Nowhere else can this passion for keeping close to the powerful be observed so clearly as in the first division of the national soccer league, which boasts some 18 teams. Turks, all across the country, regardless of their social or economic status, religious convictions, educational background, ethnicity or any other attribute support only three of the wealthy and strong Istanbul teams, namely, Galatasaray (the Lions), Fenerbahçe (the Canaries) and Besiktas (the Black Eagles). In the nearly five decade history of today’s soccer league, championship has always rotated among these three teams with the glorious exception of Trabzonspor winning the title six times, the last time in 1984. Not surprisingly, the fourth most popular team in Turkey is Trabzonspor from the Black Sea port city of Trabzon, the only city in Turkey where almost all of the population supports their local team. Trabzonspor’s fan base spreads across the Black Sea region, making it the only team in Turkey where feelings of solidarity with one’s fellow townspeople count as a factor in becoming a fan of a soccer team.

A classic example of the Anatolian infatuation with power is Yasar Kemal's 1955 novel Memed My, Hawk, which according to many domestic observers truly captures and conveys the spirit of the Anatolian people. The story is about a young man from a village in the southern Çukurova region who joins a group of bandits in his quest to challenge the feudal lord -- aga in Turkish – who owns the land of the village and the people of it. In addition to being an all-powerful and undemocratic lord, this aga is relentless in making the poor farmers’ work day and night on his land but at the same time greatly unwilling to share the yields with them. A war between Memed – supported by his fellow bandits who are all in this thing for different reasons -- and the unjust villain of an "aga" is the main theme of the book. The villagers first support Memed, and then the aga, and then Memed again and they keep changing sides and the plot keeps twisting this way and that way throughout the book because the peasants cannot make out who the ultimate winner is going to be in this war.

Tur"key (?), n. [Cf. 2d Turkey.]

An empire in the southeast of Europe and southwest of Asia.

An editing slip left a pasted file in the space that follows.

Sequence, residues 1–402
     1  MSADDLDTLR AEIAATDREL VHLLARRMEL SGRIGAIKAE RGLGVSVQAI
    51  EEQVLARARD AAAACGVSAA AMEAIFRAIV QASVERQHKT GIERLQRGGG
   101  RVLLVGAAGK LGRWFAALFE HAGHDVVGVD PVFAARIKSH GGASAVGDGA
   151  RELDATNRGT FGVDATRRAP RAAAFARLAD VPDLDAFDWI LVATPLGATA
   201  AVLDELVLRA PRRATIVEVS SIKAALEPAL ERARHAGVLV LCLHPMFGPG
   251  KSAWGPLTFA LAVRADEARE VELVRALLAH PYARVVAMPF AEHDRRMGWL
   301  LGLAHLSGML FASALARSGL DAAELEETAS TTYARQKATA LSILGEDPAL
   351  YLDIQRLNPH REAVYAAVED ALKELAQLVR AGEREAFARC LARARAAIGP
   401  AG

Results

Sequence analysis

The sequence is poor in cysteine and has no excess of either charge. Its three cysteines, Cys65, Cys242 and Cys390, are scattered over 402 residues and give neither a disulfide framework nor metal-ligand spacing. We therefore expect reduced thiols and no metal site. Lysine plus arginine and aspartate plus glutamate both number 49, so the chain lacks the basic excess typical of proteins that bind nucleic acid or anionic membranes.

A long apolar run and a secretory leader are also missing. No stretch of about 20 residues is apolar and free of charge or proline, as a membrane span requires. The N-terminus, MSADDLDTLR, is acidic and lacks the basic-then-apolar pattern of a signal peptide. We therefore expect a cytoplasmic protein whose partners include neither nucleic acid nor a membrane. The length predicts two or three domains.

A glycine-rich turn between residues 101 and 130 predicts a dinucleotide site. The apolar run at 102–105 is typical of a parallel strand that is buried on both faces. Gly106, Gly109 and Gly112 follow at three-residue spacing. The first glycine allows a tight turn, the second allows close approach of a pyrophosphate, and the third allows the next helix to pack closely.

Turkey carpet, a superior kind of carpet made in Asia Minor and adjoining countries, having a deep pile and composed of pure wool with a weft of different material. It is distinguishable by its coloring and patterns from similar carpets made in India and elsewhere. --
Turkey oak. (Bot.) See Cerris. --
Turkey red.
(a) A brilliant red imparted by madder to cottons, calicoes, etc., the fiber of which has been prepared previously with oil or other fatty matter.
(b) Cloth dyed with this red. --
Turkey sponge. (Zoöl.) See Toilet sponge, under Sponge. --
Turkey stone, a kind of oilstone from Turkey; novaculite; -- called also Turkey oilstone.


© Webster 1913

Tur"key (?), n.; pl. Turkeys (#). [So called because it was formerly erroneously believed that it came originally from Turkey: cf. F. Turquie Turkey. See Turk.] (Zoöl.)

Any large American gallinaceous bird belonging to the genus Meleagris, especially the North American wild turkey (Meleagris gallopavo), and the domestic turkey, which was probably derived from the Mexican wild turkey, but had been domesticated by the Indians long before the discovery of America.

⇒ The Mexican wild turkey is now considered a variety of the northern species (var. Mexicana). Its tall feathers and coverts are tipped with white instead of brownish chestnut, and its flesh is white. The Central American, or ocellated, turkey (M. ocellata) is more elegantly colored than the common species. See under Ocellated. The Australian, or native, turkey is a bustard (Choriotis australis). See under Native.

Turkey beard (Bot.), a name of certain American perennial liliaceous herbs of the genus Xerophyllum. They have a dense tuft of hard, narrowly linear radical leaves, and a long raceme of small whitish flowers. Also called turkey's beard. --
Turkey berry (Bot.), a West Indian name for the fruit of certain kinds of nightshade (Solanum mammosum, and S. torvum). --
Turkey bird (Zoöl.), the wryneck. So called because it erects and ruffles the feathers of its neck when disturbed. [Prov. Eng.] --
Turkey buzzard (Zoöl.), a black or nearly black buzzard (Cathartes aura), abundant in the Southern United States. It is so called because its naked and warty head and neck resemble those of a turkey. Its is noted for its high and graceful flight. Called also turkey vulture. --
Turkey cock (Zoöl.), a male turkey. --
Turkey hen (Zoöl.), a female turkey. --
Turkey pout (Zoöl.), a young turkey. [R.] --
Turkey vulture (Zoöl.), the turkey buzzard.


© Webster 1913

Log in or register to write something here or to contact authors.